This Quartet is my shortest (and, I very much hope, my sharpest) so far. I very readily admit a specific personal struggle with this grouping of instruments – perhaps, after a bunch of people singing together in a sacred space, the most continuously winning group of people making music together in history – and I now see writing a “good” string quartet as a lifelong aspiration, rather than something one just sits down to do. Even so, I would say I’ve taken this chance to lean into some of my other long-held habits.
Over the three short movements, there are lots of quick changes of scene, musical characters presented in high contrast to one another, and some virtuosic and dramatic displays, all within an abstract framework. The only reference I consciously make is in the second movement, titled "Before and after the Two Bs" (the traditional “Three Bs:” Bach, Beethoven and Brahms, are replaced, tongue-in-cheek, here by Bartók and Boulez). While the material borrows directly from neither, the sentiments of a narrow melody, such as often occurs in the 12 Notations or Mikrokosmos, presented in a highly fluctuating and variable tempo felt too close not to acknowledge. As for "Before and after?" The melody occurs in close canon at the unison in the violins and quickly breaks apart time after time.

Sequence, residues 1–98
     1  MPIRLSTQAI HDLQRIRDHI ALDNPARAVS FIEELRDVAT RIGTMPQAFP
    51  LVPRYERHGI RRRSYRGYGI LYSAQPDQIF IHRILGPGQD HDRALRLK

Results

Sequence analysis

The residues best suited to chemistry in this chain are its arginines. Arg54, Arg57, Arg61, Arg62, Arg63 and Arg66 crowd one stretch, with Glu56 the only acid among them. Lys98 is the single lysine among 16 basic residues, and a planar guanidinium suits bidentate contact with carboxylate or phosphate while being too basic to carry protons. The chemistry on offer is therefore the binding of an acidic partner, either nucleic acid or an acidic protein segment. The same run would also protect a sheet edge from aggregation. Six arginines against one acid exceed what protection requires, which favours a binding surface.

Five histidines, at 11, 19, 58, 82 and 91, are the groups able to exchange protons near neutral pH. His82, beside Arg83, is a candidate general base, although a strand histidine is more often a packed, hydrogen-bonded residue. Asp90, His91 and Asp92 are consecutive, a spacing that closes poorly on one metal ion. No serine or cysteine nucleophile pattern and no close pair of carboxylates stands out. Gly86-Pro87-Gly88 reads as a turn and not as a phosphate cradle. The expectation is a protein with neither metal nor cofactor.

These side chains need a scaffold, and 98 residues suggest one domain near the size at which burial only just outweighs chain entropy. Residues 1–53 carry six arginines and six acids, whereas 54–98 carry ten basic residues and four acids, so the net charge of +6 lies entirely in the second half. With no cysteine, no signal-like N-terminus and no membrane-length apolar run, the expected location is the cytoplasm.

I dedicate this piece to my friend and fellow note-smith, Chris Stark, whose fresh and open ideas about music and life give me continued food for thought and comfort.
– Sean Shepherd